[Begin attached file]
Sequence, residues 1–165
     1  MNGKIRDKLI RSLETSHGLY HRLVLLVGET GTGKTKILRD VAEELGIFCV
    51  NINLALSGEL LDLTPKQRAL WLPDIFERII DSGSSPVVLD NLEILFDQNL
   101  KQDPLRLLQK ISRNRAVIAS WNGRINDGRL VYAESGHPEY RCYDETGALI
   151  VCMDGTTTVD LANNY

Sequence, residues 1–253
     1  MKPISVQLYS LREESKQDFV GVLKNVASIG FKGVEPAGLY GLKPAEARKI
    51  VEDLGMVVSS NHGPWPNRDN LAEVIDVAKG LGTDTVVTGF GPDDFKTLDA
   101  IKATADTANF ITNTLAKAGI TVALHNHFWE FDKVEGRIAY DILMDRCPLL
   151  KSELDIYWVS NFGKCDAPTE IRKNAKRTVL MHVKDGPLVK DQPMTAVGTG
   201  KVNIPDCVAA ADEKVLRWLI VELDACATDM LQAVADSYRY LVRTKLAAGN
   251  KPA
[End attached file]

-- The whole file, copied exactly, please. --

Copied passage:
Sequence, residues 1–165
     1  MNGKIRDKLI RSLETSHGLY HRLVLLVGET GTGKTKILRD VAEELGIFCV
    51  NINLALSGEL LDLTPKQRAL WLPDIFERII DSGSSPVVLD NLEILFDQNL
   101  KQDPLRLLQK ISRNRAVIAS WNGRINDGRL VYAESGHPEY RCYDETGALI
   151  VCMDGTTTVD LANNY

Sequence, residues 1–253
     1  MKPISVQLYS LREESKQDFV GVLKNVASIG FKGVEPAGLY GLKPAEARKI
    51  VEDLGMVVSS NHGPWPNRDN LAEVIDVAKG LGTDTVVTGF GPDDFKTLDA
   101  IKATADTANF ITNTLAKAGI TVALHNHFWE FDKVEGRIAY DILMDRCPLL
   151  KSELDIYWVS NFGKCDAPTE IRKNAKRTVL MHVKDGPLVK DQPMTAVGTG
   201  KVNIPDCVAA ADEKVLRWLI VELDACATDM LQAVADSYRY LVRTKLAAGN
   251  KPA